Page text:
OSHA’s final rule on post-accident drug testing requirements — specifically around employer retaliation and under-reporting of unsafe conditions — seemed to be an attempt to clarify these often-abused provisions. It seems, however that OSHA may have actually complicated things.

Simply put, OSHA is trying to address the issue of under reporting unsafe conditions and retaliatory behavior of employers with specific employees. The problem is, the new language provided references the term “objectively reasonable” throughout the text/body of the rule. “Objectively reasonable” sounds like a lot open ground for interpretation. And that’s where the legal battles will begin.

Within the updated rules, OSHA does provide examples of how how drug testing policies can be abused. The following quote is where it gets interesting:

“Furthermore, drug testing an employee whose injury could not possibly have been caused by drug use would likely violate section 1904.35(b)(1)(iv). For example, drug testing an employee for reporting a repetitive strain injury would likely not be objectively reasonable because drug use could not have contributed to the injury. And, section 1904.35(b)(1)(iv) prohibits employers from administering a drug test in an unnecessarily punitive manner regardless of whether the employer had a reasonable basis for requiring the test.”

Now correct me if I’m wrong, but if OSHA is trying to help employers get to the “root cause” of the injury/illness, how is limiting a post-accident drug policy for cumulative trauma (CT)/repetitive strain injuries going to help anything? If the employee in question chooses to use illegal drugs away from work, then as a result, has to work harder(physically and/or mentally) to do the same job because of the impairment, and then has an injury, how is that not the “root cause”?

So this is where the rubber hits the road for me with the updated rule. If the injured employee is using illegal drugs during and after the “event,” how is the employer to successfully return the injured employee back to work? If they continue to use the drugs, any and all treatments could be stunted/compromised in effectiveness, thus keeping the employee away from work longer, hurting himself and the employer.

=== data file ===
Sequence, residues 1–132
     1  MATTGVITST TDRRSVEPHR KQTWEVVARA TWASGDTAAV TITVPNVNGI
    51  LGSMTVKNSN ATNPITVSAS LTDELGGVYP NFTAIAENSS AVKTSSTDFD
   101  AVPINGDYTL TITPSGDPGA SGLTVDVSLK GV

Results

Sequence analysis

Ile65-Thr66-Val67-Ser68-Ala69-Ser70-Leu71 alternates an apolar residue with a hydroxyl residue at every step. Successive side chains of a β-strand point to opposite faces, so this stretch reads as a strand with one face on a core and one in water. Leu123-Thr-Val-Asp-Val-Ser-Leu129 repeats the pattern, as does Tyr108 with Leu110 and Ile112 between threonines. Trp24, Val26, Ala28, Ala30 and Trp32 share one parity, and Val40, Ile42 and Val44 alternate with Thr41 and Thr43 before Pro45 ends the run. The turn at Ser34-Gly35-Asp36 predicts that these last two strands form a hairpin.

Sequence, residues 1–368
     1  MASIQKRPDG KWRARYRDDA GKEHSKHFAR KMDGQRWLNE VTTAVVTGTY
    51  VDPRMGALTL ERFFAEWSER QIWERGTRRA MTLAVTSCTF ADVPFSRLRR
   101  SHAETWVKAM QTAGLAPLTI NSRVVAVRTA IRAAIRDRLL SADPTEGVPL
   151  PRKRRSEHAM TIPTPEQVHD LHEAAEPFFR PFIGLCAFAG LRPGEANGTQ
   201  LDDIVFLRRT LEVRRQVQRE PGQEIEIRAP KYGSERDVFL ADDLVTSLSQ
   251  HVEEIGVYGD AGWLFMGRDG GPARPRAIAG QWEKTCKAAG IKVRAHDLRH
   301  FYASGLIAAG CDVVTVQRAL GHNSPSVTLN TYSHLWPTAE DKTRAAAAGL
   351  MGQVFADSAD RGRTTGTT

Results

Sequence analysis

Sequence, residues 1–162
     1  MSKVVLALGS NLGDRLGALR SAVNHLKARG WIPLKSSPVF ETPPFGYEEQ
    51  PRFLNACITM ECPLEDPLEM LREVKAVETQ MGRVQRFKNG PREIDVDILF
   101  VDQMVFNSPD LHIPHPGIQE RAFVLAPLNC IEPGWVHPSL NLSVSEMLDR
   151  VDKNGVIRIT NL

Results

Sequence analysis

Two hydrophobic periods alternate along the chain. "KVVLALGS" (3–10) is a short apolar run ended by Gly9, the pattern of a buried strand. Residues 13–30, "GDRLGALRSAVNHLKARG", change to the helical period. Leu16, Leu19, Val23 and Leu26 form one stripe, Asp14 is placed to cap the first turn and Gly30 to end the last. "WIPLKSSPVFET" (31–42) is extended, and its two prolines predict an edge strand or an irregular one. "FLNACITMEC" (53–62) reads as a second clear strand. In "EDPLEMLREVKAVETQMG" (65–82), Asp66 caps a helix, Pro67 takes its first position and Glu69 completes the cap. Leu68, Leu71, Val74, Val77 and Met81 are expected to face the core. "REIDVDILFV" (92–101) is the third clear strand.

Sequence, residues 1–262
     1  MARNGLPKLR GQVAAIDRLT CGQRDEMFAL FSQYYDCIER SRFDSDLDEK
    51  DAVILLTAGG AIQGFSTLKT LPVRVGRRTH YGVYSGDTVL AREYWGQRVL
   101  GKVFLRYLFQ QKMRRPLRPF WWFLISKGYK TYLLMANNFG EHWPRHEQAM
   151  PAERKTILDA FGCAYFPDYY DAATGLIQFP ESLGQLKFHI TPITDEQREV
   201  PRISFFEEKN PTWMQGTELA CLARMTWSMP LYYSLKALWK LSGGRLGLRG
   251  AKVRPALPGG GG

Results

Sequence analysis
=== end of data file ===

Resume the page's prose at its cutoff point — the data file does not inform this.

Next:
The long and the short of it is that with the updated ruling, employers are going to have to be even more diligent with their drug testing policies. In regard to the Return-to-Work process, additional drug testing might be another step that is needed when an employee is out on transition/light duty.

It’s also interesting to see that the following verbiage is provided by OSHA as well, ”OSHA will not issue citations under section 1904.35(b)(1)(iv) for drug testing conducted under a state workers’ compensation law or other state or federal law. Drug testing under state or federal law does not violate section 1904.35(b)(1)(iv). See sections 4(b)(1) and 4(b)(4) of the OSH Act, 29 U.S.C. §§ 653(b)(1) & (4). Section 1904.35(b)(1)(iv) only prohibits drug testing employees for reporting work-related injuries or illnesses without an objectively reasonable basis for doing so. And, as in all cases under section 1904.35(b)(1)(iv), OSHA will need to establish the three elements of retaliation to prove a violation: a protected report of an injury or illness; adverse action; and causation.” With this statement, it also appears OSHA is trying not to step on too many toes, as state-based Drug Free Workplace programs have been very effective in the past.

Since OSHA won’t be enforcing this updated rule until November 1, 2017, we do have time to prepare. Of course, automation is the key to consistency. With an automated RTW process, the employer can confirm that each process step has been taken every time.

As a final note, with new leadership in the White House, all these new rules could be subject to change, so before you change your processes, it might be wise to keep a close watch on what President Trump does.

Check out our white paper to learn more about Analyzing the Unintended Consequences of Updates to the OSHA Post-Accident Drug Testing Rule.